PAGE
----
Gives us justification of life, makes us righteous (Romans 5:18-19).
Makes us dead to sin (Romans 6:1-11).
Makes us not condemnable or chargeable, makes us free from the law of sin and death, makes us unable to be separated from the love of God (Romans 8:1-2, 31-39).
Makes us wise, sanctifies us, redeems us (1 Corinthians 1:30).
Makes us the righteousness of God (2 Corinthians 5:21).
Delivers us from the present evil age (Galatians 1:4).
Redeems us from the curse of the law (Galatians 3:13).
Redeems us, giving us the adoption of sons (Galatians 4:5).
Crucifies us unto the world and crucifies the world unto us (Galatians 6:14).
Blesses us with all spiritual blessings, makes us holy and without blame, redeems us, forgives our sins, gives us an inheritance (Ephesians 1:3-14).
Makes peace and abolishes enmity between us and God, reconciling us to God (Ephesians 2:13-17).
Redeems us and forgives our sins (Colossians 1:14).
Makes peace with us, reconciles us, presents us holy and unblameable and unreprovable in God's sight (Colossians 1:20-22).
Forgives us our trespasses, blots out the handwriting of ordinances against us and takes it out of the way (Colossians 2:13-14).
Redeems us from all iniquity and purifies unto himself a peculiar people (Titus 2:14).
Justifies us, makes us heirs according to the hope of eternal life (Titus 3:6-7).
Purges our sins (Hebrews 1:3).
Delivers us, makes reconciliation for our sins (Hebrews 2:14-17).
Gives us eternal salvation (Hebrews 5:9).
Saves us to the uttermost (Hebrews 7:25).
Eternally redeems us, purges our conscience from dead works to serve the living God, gives us an eternal inheritance (Hebrews 9:12-15).
Puts away our sin (Hebrews 9:26-28).
Sanctifies us (Hebrews 10:10; 13:12).
Perfects us forever (Hebrews 10:14).
Gives us boldness to enter into the holiest (Hebrews 10:19).
Redeems us (1 Peter 1:18-19).
Heals us, makes us die to sins and live unto righteousness (1 Peter 2:24).
Brings us to God (1 Peter 3:18).
Cleanses us from all sin (1 John 1:7).
Takes away our sins (1 John 3:5).
Preserves us (Jude 1).
Washes us from our sins (Revelation 1:5).
Redeems us to God (Revelation 5:9).
Is this clear enough for you? It's just as clear as the deity of Christ. The gospel includes the CORE DOCTRINE that "Christ died for our sins, according to the Scriptures" (1 Corinthians 15:3). Those who say that this is NOT a core doctrine are blasphemers. Those of us who have been washed by the blood of the Lamb are characterized by the following:
1Corinthians 2:2: "For I decided not to know anything among you except Jesus Christ, and Him having been crucified."
1 Corinthians 1:18-22: "For the Word of the cross is foolishness to those being lost, but to us being saved, [it] is [the] power of God. For it has been written, I will destroy the wisdom of the wise, and I will set aside the understanding of the understanding ones. Where is [the] wise? Where is [the] scribe? Where [the] lawyer of this world? Did God not make the wisdom of this world foolish? For since in the wisdom of God the world [by] wisdom did not know God, God was pleased through the foolishness of preaching to save the ones believing. And since Jews ask for a sign, and Greeks seek wisdom, we, on the other hand, preach Christ crucified (truly an offense to Jews, and foolishness to Greeks), but to the called ones, both to Jews and to Greeks, Christ is the power of God and the wisdom of God; because the foolish thing of God is wiser [than] men, and the weak thing of God is stronger [than] men. For you see your calling, brothers, that [there are] not many wise according to flesh, nor many powerful, not many wellborn. But God chose the foolish things of the world that the wise might be put to shame, and God chose the weak things of the world so that He might put to shame the strong things. And God chose the low-born of the world, and the despised, and the things that are not, so that He might bring to nothing the things that are, so that no flesh might glory in His presence. But of Him, you are in Christ Jesus, who was made to us wisdom from God, both righteousness and sanctification and redemption, so that even as it has been written, He that glories, let him glory in [the] Lord. And when I came to you, brothers, I did not come with excellency of word or wisdom, declaring to you the testimony of God. For I decided not to know anything among you except Jesus Christ, and Him having been crucified."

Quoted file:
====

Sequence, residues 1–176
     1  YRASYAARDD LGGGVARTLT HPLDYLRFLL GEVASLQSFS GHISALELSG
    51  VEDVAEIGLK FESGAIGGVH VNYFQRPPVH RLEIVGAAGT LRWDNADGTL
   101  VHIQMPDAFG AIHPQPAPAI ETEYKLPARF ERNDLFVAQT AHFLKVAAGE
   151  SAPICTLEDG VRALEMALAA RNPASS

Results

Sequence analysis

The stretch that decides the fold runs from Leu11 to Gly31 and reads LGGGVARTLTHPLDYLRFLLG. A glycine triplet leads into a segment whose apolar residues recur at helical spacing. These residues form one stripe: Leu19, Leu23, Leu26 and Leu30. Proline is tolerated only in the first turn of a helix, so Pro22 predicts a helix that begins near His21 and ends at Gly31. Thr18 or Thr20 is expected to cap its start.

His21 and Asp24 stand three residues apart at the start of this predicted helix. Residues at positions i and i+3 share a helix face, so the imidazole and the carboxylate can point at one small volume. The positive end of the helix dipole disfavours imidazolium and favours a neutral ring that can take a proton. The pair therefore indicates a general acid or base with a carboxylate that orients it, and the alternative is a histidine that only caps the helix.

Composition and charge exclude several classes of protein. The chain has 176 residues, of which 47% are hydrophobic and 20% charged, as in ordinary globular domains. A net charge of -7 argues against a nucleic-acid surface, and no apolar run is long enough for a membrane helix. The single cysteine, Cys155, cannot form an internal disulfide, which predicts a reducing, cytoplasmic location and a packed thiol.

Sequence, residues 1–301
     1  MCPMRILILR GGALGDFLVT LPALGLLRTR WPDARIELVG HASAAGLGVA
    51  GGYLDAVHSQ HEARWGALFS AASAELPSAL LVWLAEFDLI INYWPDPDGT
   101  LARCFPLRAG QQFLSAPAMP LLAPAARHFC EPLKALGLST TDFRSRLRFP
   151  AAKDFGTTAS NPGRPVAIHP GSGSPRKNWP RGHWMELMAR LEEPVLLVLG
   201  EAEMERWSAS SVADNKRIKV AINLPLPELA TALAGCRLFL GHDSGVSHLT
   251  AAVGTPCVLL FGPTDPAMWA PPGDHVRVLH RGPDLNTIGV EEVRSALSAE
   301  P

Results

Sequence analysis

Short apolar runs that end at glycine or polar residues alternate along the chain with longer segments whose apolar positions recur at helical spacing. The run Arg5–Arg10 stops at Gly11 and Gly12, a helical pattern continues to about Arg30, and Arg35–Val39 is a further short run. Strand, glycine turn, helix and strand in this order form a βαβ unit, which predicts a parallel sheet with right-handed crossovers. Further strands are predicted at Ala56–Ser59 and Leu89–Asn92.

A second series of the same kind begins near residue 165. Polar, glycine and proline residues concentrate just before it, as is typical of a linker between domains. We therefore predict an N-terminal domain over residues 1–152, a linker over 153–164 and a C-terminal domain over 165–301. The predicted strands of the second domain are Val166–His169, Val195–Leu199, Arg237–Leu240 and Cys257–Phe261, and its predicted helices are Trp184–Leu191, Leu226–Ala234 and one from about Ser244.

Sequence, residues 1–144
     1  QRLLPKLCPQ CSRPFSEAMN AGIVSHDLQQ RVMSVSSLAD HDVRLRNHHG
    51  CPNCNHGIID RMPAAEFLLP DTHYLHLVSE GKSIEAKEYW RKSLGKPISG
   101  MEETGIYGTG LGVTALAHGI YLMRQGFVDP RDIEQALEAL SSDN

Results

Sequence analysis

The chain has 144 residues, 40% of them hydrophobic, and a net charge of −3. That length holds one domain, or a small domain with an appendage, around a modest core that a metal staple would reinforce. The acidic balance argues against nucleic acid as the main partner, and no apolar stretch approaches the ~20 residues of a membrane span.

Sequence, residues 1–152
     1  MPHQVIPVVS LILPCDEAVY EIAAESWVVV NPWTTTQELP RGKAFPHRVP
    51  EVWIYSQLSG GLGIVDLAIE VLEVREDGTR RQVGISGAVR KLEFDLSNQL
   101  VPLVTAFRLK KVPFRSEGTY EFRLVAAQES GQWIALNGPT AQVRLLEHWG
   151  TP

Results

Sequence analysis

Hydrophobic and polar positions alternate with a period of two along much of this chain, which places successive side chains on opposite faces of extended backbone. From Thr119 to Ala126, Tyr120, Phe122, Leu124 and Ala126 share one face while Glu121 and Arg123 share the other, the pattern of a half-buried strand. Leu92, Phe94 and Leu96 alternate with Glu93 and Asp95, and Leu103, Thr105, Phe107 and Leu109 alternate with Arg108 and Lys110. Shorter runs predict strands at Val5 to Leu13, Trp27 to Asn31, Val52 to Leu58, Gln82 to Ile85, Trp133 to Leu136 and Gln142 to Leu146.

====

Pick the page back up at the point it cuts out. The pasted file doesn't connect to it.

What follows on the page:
Galatians 6:14: "But may it never be for me to boast, except in the cross of our Lord Jesus Christ, through whom the world has been crucified to me, and I to the world."
We preach and boast in CHRIST, and HIM CRUCIFIED, which is the ESSENTIAL, BASIC, HEART, CORE, ESSENCE, FOUNDATION, CORNERSTONE, CRUX of the gospel. Without CHRIST CRUCIFIED, there is no gospel. If one does not believe in CHRIST CRUCIFIED, he is yet dead in his sins. Those who believe that CHRIST CRUCIFIED is not essential to the gospel have no clue as to what the gospel is. And CHRIST CRUCIFIED doesn't just mean that a man got nailed to a cross and died. It means that the GOD-MAN MEDIATOR ACCOMPLISHED FULL PARDON, FULL REDEMPTION, FULL PROPITIATION, and FULL RECONCILIATION FOR EVERYONE WHOM HE REPRESENTED. THAT is CHRIST CRUCIFIED. Anything less is NOT Christ crucified.